Beauty and the Beat

About Beauty and the Beat
Originally created for Capital Fringe Festival 2018 and now presented at Charm City Fringe Festival in Baltimore, Beauty and the Beat is sure to kick up recollections of neighbors, roommates, landlords or lane-changing experiences of vying for a parking space. 
Physical and fun, Beauty and the Beat is about presumptions that go way off course.  You wonder about the guy who lives next door. Inspired by Tom Waits song “What’s He Building in There,” nosy neighbors jump to big conclusions.  As neighbors, some know each other, others not so much. See what ignites when a neighbor’s odd behavior is evaluated by gross assumptions all because of branches of a tree that hang over a fence. The beauty of the moment has a life of its own like a disaster waiting to happen should a tree fall over!

Featuring: Ken Hays, Charlie Maybee, Carrie Monger, Kelsey Rohr, Rebecca Weiss 

Music: Frankum & Frankumjay, Patrick Leiberkind, Setuniman, David Schulman, “Won’t You Be My Neighbor” by Fred Rogers performed by Kristen Williams, “My Girl” by Ronald White, Smokey Robinson; Brahms Hungarian Dance #5; Brahms Poco Allegretto; Brahms Waltz Op.39 No. 3

Downtown Cultural Arts Center Ground Floor
401 N Howard St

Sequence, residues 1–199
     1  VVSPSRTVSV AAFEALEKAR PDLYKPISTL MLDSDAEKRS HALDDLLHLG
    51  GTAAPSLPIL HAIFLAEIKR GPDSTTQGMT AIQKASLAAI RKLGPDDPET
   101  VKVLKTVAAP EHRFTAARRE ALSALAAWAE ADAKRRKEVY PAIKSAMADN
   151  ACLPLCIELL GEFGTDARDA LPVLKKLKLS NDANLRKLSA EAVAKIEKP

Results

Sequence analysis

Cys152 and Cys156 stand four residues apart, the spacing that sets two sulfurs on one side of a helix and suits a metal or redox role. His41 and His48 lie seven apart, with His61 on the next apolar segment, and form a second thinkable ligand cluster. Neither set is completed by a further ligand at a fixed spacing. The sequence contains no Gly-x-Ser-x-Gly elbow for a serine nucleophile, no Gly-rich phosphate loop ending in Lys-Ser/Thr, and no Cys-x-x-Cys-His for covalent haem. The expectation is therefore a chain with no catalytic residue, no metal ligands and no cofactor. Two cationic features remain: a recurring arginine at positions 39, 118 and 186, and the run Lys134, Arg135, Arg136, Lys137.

Baltimore MD 21218 
10/18  – 7:30 PM
10/19  – 7:30 PM
10/20 – 2:00 PM, 5:45 PM

Once a patron has a button, they receive a $5 discount, reducing the ticket price to $10

All Access Pass (admission to all festival events)
GENERAL September 10th – 30th $100 LAST CHANCE October 10th – 20th: $125

3 Ticket Pass (3 tickets & festival button)
GENERAL September 10th – 30th: $25 LAST CHANCE October 10th – 20th: $30

Date Night Pass (2 tickets to 2 shows & 2 buttons)
GENERAL September 10th – 30th: $40 LAST CHANCE October 10th – 20th: $45 


“The moment is like a disaster waiting to happen”
“Jane Franklin has devised a smart movement-based work, with an unerring ear for picking up verbal lines of banality to craft a work marked by both wit and grace.….overheard phrases are used like found objects, things that come over our radar and are re-purposed as conversation.” 

Susan Gailbraith, DC Theatre Scene

Jane Franklin Dance

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